- Strong pro-Vajpayee undercurrent means advantage BJP..
- Congress campaign yet to take off. But party will win a few seats thanks to self-goals by the BJP.
- Poor ticket distribution and infighting in the BJP could impact it in about five seats.
- Gondwana Gantantra Party could play spoilsport for both the BJP and the Congress in a few seats.
In the heart of India, the Congress is clearly not in battle mode for Lok Sabha 2004. Party morale is at an all-time low, local leaders have either absented themselves or are engaged in fighting each other. The high command in Delhi appears to have virtually thrown in the towel. Fortunately for the Congress, the BJP appears determined to score a few self-goals, thus allowing the former to at least save face.
At the Congress HQ in Bhopal’s Jawahar Bhawan, there’s little sign of the usual frenetic election activity. And party office-bearers and workers are only too willing to share their angst against the high command—for treating MP as a lost cause—and their local leaders, for having run away from the electoral battle. Even ex-CM Digvijay Singh is focusing on Orissa, which he is in charge of, rather than on home turf.
One of the last men standing is Kamal Nath, whose reputed invulnerability in Chhindwara is now under siege from a young BJP firebrand. Prahlad Singh Patel, Union MoS for coal and literally and figuratively the BJP's tallest leader in Mahakaushal, has seriously rattled Nath. Patel’s focus on development and his strongman image are both working for the BJP. The contrasting campaign styles makes for a colourful battle. Patel thunders around the countryside on a motorcycle while Nath wings it overhead in his helicopter. But the balance of power is with neither—it lies with a marginal player, the Gondwana Gantantra Party or the GGP.
The GGP is the invisible enemy. Not a poster, flag or party worker is in evidence. But at every adivasi village, you are told it has a solid votebank. Nath’s future and that of the Congress in at least five other seats depends on the GGP’s strength. It took away 1.3 lakh votes in Chhindwara alone in the assembly polls. If it does better this time, Nath may lose. And the GGP is determined to defeat him. Says its Amanwara mla M.S. Batti: "We’ll send this demon back to Calcutta, from where he came. First, we will destroy the Congress and then the BJP." Nath has tried every trick in the book to split the GGP, alleges Batti while the former insists "the GGP is an accessory of the BJP". But in Mandla, where GGP leader Hari Singh Markam has thrown his hat into the ring, both the Congress and the BJP feel threatened.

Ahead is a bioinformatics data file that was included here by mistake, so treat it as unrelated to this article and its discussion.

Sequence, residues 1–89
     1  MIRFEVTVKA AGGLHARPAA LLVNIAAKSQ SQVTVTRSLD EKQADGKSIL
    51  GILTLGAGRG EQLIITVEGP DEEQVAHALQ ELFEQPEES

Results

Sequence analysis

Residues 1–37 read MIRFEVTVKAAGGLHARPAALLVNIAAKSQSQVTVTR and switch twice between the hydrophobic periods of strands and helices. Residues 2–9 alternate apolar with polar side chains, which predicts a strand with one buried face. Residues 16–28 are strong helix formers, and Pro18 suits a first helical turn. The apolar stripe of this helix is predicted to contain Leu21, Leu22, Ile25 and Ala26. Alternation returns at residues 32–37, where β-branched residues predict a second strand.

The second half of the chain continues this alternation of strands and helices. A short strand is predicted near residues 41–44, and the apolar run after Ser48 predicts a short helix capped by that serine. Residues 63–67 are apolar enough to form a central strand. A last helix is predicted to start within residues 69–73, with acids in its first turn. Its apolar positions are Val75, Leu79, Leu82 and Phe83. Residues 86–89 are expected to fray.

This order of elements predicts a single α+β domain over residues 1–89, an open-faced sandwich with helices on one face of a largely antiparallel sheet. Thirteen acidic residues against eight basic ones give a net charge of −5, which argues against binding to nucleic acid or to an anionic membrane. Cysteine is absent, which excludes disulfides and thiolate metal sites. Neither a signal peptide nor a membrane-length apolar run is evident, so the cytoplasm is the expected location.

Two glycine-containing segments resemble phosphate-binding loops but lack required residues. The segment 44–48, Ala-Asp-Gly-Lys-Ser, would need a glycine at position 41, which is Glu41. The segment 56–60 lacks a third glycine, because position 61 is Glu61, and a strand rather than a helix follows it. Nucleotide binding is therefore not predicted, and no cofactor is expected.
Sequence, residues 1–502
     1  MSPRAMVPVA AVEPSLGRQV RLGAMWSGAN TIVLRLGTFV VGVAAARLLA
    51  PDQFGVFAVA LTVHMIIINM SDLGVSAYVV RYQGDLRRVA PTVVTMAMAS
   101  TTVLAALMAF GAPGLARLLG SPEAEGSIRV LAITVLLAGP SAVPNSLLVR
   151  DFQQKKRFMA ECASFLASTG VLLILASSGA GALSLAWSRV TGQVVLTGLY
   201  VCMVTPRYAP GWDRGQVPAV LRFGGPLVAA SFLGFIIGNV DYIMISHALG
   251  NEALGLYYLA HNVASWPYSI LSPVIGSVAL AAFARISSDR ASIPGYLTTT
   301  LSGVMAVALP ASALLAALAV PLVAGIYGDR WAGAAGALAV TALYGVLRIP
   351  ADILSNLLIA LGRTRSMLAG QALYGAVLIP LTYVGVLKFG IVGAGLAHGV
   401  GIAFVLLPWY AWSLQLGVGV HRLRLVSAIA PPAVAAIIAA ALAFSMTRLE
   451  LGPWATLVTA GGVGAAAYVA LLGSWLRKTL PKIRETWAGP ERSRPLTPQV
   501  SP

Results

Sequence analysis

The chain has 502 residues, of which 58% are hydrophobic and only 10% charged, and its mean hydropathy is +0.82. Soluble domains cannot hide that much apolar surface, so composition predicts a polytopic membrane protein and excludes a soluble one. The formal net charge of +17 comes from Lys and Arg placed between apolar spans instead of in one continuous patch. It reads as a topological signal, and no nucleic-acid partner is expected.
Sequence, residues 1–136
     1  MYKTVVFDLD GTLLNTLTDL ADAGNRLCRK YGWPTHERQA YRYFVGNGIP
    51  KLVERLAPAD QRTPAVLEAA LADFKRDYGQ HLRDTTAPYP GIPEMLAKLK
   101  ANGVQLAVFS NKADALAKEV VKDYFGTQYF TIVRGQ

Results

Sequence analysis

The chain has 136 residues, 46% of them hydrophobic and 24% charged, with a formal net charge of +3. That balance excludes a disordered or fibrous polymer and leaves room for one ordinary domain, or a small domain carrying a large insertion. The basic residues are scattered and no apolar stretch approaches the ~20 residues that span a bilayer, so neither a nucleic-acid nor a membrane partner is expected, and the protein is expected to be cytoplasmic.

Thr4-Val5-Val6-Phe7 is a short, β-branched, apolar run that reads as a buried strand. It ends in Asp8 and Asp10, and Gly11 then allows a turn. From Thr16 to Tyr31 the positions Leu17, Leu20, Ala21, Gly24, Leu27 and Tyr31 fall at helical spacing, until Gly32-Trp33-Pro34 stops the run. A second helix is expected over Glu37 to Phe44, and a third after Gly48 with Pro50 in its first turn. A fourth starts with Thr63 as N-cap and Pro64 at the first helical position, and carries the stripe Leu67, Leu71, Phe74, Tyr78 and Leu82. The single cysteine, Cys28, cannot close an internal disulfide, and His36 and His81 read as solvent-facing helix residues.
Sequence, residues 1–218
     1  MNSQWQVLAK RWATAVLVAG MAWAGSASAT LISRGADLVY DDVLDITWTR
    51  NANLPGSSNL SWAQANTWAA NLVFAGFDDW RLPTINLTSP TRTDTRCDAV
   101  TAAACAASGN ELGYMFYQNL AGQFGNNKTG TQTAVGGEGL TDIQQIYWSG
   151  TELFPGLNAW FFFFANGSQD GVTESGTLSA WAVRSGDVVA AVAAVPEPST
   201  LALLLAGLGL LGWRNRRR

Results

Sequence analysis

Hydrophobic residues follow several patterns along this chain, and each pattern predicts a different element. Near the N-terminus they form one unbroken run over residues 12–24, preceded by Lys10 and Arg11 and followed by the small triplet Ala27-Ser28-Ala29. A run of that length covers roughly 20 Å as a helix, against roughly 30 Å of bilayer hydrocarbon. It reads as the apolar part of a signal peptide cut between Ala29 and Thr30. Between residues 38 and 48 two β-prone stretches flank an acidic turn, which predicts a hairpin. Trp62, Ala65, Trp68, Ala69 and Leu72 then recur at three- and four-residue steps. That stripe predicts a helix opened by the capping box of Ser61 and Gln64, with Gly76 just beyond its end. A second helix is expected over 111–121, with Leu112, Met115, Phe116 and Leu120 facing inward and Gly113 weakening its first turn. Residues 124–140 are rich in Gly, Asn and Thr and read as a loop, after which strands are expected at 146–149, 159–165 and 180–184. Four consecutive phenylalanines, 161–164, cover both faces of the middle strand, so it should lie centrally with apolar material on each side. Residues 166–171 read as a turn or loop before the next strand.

Further east, an interesting battle is brewing in Rajgarh, where Digvijay’s brother Laxman Singh has managed to get the BJP ticket in the teeth of strong opposition from virtually the entire state unit. Furious party workers are not willing to aid the official nominee. In fact, the BJP’s ticket distribution hasn’t gone entirely smoothly, creating a certain degree of dissent. The party is not comfortably placed in Gwalior, Khargone and Rewa, where the Bahujan Samaj Party has a strong presence. Long-standing MPs, like social welfare minister Satnarayan Jatia and Sumitra Mahajan, are facing anti-incumbency pressures in Ujjain and Indore respectively. But the party hopes the positive sentiment generated by the Ardhakumbh Mela at Ujjain, a grand affair coordinated by Indore’s mayor and state pwd minister Kailash Vijayvarghia, will subsume all other factors in these two seats.
A strong but silent pro-Atal undercurrent should also work to the BJP's advantage. But most of all, it is the fact that the Congress has vacated the field without a contest. All along, the Congress leadership in Delhi has put a brave face on the loss in the 2003 assembly polls by saying it would make up in Lok Sabha 2004. As Congress leaders like Ambika Soni themselves admit, that doesn’t seem likely—a fact borne out by the party’s internal surveys too.